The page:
A Muslim woman had her hijab forcibly taken off by a stranger on the street. A refugee got laughed at upon visiting a local community center. An ethnic Korean student from China was told she was doing her master’s degree here just to find a husband.
These are only a few of the discriminatory acts that foreign residents and North Korean defectors here have experienced, showed a survey conducted by the National Human Rights Commission of Korea.
According to the survey of 310 foreign residents here between July 22 and Sept. 5 last year, 68.4 percent of the respondents said they had experienced racial discrimination in South Korean society.
Some 56 percent said they had been verbally disparaged, the most common complaint reported. Next common were intrusions on privacy (46.9 percent), being looked at in an unpleasant way (43.1 percent), facing disadvantages at workplaces (37.4 percent) and being refused a job (28.9 percent). Some 7 percent said they had been sexually harassed or assaulted.
When asked about the reasons that led to the discrimination, many foreign residents said they had faced discrimination because of their Korean language skills (62.3 percent), because they were not Korean (59.7 percent) or because of their race (44.7 percent).
Four in 10 respondents said they had experienced discrimination in the local courts, with many others reporting discrimination from immigration offices (35.2 percent), friends or colleagues (30.7 percent), a spouse (22.8 percent) or a spouse’s family (22.7 percent).
About half of those who had been discriminated against said they just put up with it even though they wanted to act on it (48.9 percent) or they told family members or friends about it (50.2 percent). Some 32 percent asked for help from their friends and colleagues and 29 percent just accepted discrimination as “natural” for foreigners.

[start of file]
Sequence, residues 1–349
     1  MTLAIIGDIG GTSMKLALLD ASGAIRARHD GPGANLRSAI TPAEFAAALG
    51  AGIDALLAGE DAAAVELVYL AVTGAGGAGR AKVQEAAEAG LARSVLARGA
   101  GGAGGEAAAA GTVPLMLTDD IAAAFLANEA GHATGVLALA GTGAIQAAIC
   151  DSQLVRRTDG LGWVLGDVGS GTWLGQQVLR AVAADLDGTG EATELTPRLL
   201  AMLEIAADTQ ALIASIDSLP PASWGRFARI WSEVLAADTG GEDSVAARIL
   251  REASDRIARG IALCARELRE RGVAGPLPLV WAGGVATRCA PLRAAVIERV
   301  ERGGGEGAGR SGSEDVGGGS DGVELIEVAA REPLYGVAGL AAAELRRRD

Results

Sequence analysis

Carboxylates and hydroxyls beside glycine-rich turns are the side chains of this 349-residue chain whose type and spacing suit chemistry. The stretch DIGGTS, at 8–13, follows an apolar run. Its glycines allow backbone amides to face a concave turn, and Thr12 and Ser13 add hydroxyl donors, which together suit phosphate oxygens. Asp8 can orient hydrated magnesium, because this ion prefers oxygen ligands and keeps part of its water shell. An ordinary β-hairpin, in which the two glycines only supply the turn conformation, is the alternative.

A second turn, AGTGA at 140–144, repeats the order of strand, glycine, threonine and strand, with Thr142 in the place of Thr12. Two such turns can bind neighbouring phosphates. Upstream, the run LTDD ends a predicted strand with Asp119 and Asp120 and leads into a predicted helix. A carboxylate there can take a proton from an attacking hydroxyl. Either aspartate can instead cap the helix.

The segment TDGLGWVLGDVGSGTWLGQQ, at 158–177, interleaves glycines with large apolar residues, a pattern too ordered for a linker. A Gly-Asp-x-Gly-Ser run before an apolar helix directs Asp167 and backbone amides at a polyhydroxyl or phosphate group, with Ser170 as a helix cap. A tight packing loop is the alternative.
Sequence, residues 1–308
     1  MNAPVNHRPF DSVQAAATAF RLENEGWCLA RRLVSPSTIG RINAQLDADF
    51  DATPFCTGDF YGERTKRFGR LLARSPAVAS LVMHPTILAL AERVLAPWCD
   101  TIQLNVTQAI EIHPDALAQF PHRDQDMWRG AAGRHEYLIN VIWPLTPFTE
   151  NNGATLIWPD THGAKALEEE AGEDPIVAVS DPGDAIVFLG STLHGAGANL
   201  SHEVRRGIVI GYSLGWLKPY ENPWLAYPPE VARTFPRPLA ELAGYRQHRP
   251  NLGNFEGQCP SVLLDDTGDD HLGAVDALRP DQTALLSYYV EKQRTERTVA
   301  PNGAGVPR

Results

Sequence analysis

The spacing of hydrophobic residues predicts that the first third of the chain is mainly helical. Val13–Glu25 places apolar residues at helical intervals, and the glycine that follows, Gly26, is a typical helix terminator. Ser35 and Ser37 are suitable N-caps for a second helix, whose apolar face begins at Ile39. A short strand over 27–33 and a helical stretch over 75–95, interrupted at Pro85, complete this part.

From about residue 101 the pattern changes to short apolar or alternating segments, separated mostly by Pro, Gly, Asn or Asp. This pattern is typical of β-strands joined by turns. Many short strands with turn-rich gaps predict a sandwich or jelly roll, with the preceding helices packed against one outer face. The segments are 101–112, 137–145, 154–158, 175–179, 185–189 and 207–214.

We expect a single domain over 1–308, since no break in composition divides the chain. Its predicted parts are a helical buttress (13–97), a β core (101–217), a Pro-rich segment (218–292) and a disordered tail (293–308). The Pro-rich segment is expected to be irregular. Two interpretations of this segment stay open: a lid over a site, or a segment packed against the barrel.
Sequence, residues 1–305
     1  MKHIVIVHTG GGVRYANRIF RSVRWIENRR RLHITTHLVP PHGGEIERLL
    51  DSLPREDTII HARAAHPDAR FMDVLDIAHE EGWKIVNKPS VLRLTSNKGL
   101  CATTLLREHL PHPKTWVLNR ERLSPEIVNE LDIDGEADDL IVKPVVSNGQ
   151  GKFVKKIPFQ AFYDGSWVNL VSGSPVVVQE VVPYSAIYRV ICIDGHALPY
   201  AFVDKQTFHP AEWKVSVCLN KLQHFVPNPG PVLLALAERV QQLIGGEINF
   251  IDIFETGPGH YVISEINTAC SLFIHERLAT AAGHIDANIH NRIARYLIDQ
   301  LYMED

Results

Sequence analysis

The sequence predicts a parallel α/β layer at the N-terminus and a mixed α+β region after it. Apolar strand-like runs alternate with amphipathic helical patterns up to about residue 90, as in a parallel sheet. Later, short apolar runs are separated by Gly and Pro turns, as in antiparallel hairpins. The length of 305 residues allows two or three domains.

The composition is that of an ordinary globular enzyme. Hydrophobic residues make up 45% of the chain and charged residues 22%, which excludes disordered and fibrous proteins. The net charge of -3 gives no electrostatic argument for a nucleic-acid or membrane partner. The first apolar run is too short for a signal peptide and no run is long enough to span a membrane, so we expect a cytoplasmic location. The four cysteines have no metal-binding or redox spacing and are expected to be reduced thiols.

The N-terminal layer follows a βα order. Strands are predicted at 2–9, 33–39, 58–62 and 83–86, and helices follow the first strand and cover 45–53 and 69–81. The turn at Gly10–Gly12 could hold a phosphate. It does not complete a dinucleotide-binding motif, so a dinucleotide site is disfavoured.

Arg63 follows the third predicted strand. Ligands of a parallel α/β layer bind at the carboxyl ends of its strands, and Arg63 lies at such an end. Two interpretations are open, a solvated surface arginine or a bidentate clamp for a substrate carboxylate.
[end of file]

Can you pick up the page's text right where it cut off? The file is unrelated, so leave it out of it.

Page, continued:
Nearly 58 percent of those who did not take action said they did not do anything about it because they did not believe things would change, while 45.3 percent said they did not know what to do.
Racism in Korean society is based on a Korean supremacist attitude of looking down on migrants from countries that are poorer, the report said, calling for the enactment of an anti-discrimination law here.
The human rights watchdog also pointed to the Korean government’s “discriminative perception,” citing the situation where foreigners not covered by the national health insurance plan are being excluded from the country’s mask rationing system amid the spread of the novel coronavirus.
Among foreign nationals, only those who pay into the national health insurance system can buy masks -- two per person per week -- at post offices, pharmacies and Nonghyup’s Hanaro Marts.
Some 1 million foreign students and migrant workers are not covered, according to government data.